Markov Decision process(MDP) is a framework used to help to make decisions on a stochastic environment. Our goal is to find a policy, which is a map that gives us all optimal actions on each state on our environment.

MDP is somehow more powerful than simple planning, because your policy will allow you to do optimal actions even if something went wrong along the way. Simple planning just follow the plan after you find the best strategy.

Consider state as a summary (then called state-space) of all information needed to determine what happens next. There are 2 types of state space:

World-State: Normally huge, and not available to the agent.

Agent-State: Smaller, have all variables needed to make a decision related to the agent expected utility.

Basically you don't need past states to do a optimal decision, all you need is the current state $s$. This is because you could encode on your current state everything you need from the past to do a good decision. Still history matters...

To simplify our universe imagine the grid world, here your agent objective is to arrive on the green block, and avoid the red block. Your available actions are: $\uparrow,\downarrow,\leftarrow,\rightarrow$

The problem is that we don't live on a perfect deterministic world, so our actions could have have different outcomes:

For instance when we choose the up action we have 80% probability of actually going up, and 10% of going left or right. Also if you choose to go left or right you have 80% chance of going left and 10% going up or down.

Here are the most important parts:

States: A set of possible states $S$

Model: $T(s,a,s') \therefore P(s'|s,a)$ Probability to go to state $s'$ when you do the action $a$ while you were on state $s$, is also called transition model.

Action: $A(s)$, things that you can do on a particular state $s$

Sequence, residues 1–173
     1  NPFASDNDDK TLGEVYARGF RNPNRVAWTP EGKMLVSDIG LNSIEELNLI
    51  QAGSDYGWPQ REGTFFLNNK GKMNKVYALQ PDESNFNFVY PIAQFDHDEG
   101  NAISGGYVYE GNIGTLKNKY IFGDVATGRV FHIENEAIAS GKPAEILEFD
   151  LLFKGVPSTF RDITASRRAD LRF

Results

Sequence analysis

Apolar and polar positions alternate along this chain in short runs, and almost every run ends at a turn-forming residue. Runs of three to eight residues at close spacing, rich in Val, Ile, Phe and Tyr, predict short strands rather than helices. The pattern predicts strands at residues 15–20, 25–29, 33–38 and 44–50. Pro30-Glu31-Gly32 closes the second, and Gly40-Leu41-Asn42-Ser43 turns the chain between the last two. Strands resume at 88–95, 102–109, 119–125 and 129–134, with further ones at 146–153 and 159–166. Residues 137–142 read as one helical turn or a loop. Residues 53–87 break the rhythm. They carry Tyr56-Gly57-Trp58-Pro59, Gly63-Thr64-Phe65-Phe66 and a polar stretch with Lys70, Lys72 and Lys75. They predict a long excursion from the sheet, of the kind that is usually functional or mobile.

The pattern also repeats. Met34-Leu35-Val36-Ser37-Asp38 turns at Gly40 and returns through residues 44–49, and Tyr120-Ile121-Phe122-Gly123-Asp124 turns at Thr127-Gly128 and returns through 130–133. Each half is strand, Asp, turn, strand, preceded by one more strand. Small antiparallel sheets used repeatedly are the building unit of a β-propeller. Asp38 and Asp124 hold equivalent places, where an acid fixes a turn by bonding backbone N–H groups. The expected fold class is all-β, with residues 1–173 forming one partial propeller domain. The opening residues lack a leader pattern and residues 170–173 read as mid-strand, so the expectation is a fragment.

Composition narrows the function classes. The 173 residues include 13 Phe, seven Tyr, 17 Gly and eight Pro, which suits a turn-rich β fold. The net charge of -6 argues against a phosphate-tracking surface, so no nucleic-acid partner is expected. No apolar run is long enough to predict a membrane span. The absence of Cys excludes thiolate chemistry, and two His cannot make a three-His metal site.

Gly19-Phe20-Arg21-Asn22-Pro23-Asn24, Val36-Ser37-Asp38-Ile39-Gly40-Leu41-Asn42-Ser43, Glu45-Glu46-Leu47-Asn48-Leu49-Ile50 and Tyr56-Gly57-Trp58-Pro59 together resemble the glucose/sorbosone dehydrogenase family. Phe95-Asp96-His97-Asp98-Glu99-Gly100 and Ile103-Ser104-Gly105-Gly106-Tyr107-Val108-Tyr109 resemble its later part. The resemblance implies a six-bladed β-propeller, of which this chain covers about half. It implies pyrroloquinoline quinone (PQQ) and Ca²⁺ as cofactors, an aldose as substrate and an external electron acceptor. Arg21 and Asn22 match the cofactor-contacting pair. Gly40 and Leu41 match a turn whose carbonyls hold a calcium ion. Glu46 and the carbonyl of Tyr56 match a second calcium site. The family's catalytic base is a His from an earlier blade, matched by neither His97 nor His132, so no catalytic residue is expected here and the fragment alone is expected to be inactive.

Reward: $R(s)$, scalar value that you get for been on a state.

Policy: $\Pi(s)\rightarrow a$, our goal, is a map that tells the optimal action for every state

Optimal policy: $\Pi^*(s)\rightarrow a$, is a policy that maximize your expected reward $R(s)$

In reinforcement learning we're going to learn a optimal policy by trial and error.

As stated earlier MDPs are the tools for modelling decision problems, but how we solve them? In order to solve MDPs we need Dynamic Programming, more specifically the Bellman equation.

But first what is dynamic programming? Basically it's a method that divides a problem into simpler sub-problems easier to solve, it's just really a divide and conquer strategy.

Dynamic programming is both a mathematical optimization method and a computer programming method, but both of them follow this divide and conquer mechanism. But on mathematics it's often used as an optimization tool. On programming is often implemented with recursion and is used on problems like find the shortest path on a graph and generation sequences.

Also you may find a term called memoization which is something that computer people use to improve the performance of those divide-and-conquer algorithms by memorizing sub problems that were already calculated.